Why this bush stone-curlew is in love with its own reflection
This bush stone-curlew was spotted at QUT staring at it’s own reflection on Tuesday
It is the case of the curious curlew, but it is not as odd as it seems.
A photograph of a bush stone-curlew caught up in its own reflection with a sign above it to let people know it was OK has gone viral.
"I'm a bush stone curlew," the sign read.
"I'm fine. I just like to stare at myself in the window."
The bird was photographed on Tuesday outside a building at Queensland University of Technology's Kelvin Grove campus by ABC News journalist Nick Wiggins and shared on Twitter.
It has since garnered thousands of shares, appearances on Reddit, its own series of memes, and even a Facebook page dedicated to it.
It has given us all a good laugh, but should we be concerned about this bird and its strange behaviour?
The answer is no, according to Wildcare Australia volunteer Caitlin Raynor, who wrote the sign to alleviate any concerns.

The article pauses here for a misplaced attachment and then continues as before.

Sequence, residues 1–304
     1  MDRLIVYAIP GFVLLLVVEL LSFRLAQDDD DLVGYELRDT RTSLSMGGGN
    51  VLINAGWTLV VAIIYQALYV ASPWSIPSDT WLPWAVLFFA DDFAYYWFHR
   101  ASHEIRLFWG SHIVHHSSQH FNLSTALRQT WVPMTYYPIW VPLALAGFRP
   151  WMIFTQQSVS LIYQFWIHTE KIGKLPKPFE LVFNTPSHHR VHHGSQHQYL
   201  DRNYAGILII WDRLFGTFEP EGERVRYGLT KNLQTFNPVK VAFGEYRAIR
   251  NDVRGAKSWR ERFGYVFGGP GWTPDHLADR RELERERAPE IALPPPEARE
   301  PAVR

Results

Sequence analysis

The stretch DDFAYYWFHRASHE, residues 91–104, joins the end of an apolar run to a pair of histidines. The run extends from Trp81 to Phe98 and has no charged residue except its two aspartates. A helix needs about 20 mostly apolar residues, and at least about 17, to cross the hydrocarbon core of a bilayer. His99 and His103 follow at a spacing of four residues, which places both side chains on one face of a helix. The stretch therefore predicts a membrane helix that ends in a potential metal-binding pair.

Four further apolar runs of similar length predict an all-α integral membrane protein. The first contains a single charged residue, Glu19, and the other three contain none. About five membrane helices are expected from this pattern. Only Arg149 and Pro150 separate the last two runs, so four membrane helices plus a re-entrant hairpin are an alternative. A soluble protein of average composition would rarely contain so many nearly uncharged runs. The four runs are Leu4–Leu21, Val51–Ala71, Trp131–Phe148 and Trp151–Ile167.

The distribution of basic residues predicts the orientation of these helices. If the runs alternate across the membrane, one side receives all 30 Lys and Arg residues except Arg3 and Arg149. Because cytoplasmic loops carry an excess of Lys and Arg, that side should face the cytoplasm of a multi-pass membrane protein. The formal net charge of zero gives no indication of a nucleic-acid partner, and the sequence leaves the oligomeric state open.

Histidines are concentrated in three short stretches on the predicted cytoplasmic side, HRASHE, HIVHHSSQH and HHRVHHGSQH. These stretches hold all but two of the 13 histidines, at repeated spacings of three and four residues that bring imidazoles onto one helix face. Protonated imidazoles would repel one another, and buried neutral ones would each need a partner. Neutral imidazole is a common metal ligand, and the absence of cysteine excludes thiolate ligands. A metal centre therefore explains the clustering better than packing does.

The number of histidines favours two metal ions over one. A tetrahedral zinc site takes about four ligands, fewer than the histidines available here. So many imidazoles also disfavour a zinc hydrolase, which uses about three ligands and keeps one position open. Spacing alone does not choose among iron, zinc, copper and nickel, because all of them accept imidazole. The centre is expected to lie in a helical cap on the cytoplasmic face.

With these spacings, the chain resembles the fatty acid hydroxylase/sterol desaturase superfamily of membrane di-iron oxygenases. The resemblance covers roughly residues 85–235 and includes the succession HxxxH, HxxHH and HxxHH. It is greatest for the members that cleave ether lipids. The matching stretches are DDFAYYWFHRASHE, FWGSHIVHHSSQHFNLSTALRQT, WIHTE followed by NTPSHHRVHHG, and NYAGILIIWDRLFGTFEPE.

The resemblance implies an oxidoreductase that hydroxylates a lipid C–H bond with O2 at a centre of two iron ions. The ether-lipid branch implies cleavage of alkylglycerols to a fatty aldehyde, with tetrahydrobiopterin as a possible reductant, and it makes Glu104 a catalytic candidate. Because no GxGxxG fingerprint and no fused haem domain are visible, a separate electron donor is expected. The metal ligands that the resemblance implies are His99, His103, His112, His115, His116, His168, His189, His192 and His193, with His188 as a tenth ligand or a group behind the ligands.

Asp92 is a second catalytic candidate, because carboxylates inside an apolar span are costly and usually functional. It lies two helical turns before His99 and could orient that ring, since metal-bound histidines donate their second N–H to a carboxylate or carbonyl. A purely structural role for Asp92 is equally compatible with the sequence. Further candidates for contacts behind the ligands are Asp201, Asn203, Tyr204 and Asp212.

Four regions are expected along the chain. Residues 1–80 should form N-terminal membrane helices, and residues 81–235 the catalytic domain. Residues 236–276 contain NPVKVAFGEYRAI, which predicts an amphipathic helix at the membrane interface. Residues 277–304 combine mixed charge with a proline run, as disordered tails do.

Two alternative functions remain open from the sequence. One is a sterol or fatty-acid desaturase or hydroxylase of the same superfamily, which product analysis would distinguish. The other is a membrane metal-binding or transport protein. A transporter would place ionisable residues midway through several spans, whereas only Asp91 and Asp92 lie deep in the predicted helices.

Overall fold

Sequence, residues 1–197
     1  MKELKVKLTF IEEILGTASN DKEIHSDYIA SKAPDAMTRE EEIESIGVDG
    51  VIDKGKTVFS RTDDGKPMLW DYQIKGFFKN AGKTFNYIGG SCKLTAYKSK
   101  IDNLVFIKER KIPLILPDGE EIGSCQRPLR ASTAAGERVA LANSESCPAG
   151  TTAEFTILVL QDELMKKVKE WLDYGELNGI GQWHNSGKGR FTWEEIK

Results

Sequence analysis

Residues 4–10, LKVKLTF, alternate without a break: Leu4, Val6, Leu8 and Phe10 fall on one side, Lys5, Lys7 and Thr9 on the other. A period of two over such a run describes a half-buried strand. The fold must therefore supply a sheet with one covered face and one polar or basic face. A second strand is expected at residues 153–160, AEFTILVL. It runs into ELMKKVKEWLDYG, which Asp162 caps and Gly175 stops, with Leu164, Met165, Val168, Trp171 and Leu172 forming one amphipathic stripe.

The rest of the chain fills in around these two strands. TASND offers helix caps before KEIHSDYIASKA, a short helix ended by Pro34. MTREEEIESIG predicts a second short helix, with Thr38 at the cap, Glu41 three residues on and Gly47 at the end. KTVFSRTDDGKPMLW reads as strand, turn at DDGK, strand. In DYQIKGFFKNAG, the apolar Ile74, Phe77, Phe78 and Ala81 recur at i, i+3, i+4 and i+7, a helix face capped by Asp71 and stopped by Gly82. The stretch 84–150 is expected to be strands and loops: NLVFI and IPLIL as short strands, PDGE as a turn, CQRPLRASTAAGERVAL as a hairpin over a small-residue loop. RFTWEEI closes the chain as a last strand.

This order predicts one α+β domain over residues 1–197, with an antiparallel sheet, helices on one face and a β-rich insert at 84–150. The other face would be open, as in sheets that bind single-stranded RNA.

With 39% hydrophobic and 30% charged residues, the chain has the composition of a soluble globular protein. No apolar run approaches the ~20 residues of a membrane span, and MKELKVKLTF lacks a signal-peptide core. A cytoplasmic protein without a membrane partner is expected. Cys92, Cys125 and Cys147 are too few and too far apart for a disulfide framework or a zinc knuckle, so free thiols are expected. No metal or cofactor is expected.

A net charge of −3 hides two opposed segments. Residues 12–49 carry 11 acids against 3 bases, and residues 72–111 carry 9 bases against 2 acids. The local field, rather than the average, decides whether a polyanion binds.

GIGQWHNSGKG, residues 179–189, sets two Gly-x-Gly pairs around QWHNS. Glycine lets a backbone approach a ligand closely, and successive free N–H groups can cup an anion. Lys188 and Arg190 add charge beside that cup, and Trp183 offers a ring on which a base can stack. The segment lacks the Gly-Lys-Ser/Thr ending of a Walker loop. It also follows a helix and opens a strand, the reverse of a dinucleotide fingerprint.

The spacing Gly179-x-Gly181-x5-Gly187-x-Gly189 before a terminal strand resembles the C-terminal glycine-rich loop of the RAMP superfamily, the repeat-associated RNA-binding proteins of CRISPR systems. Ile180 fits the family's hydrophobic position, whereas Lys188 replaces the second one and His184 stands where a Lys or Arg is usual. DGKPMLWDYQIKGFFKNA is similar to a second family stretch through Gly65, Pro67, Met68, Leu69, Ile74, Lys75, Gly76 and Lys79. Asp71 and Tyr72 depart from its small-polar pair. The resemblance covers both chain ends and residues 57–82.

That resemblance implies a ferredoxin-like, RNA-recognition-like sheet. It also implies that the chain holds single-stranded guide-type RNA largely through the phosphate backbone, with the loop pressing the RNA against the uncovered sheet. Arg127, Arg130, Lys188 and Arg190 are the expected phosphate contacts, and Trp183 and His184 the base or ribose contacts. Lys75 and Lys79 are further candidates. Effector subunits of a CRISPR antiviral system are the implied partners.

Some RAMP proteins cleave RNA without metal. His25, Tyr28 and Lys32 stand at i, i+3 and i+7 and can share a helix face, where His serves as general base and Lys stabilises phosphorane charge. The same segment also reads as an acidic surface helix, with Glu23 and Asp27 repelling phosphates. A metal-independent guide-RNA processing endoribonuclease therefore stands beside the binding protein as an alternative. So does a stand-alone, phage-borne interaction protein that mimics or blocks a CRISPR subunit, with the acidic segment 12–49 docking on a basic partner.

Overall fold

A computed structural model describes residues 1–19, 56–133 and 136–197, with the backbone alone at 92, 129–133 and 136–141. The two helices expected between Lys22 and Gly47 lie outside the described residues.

Ms Raynor spotted the curlew on her way into work at the university.
"It's definitely an odd but common behaviour for curlews to stare at their reflection," she said.
"They're primarily nocturnal birds, so they don't get to see their reflection at night. Staring at their reflection in windows is something these crazy birds just like to do.
"Since they don't demonstrate any aggressive behaviour when doing it I can only imagine they're just enthralled with the other bird they're seeing."
Ms Raynor said she has taken plenty of emergency calls throughout her time with Wildcare Australia about curlews.
"It's a relatively common phone call ... people say there's a bird standing in a corner and automatically you know it's going to be a curlew," she said.
"The people who ring the hotline think the bird should be running away, but their defence is not to run away ... just stand still and pretend people can't see them."
Ms Raynor said this particular curlew stuck around most of the day, but was gone by 4:00pm.
"I don't know where he came from... there's a bushy strip next to park in the building he may call home," she said.
Ms Raynor said the best thing to do when coming across a curlew caught up in its own looks was to leave it alone.
"We just leave it to be on its own and not disturb it, and just accept it's not an unusual behaviour," she said.
Thanks to Mary Anne Glazar for sending this.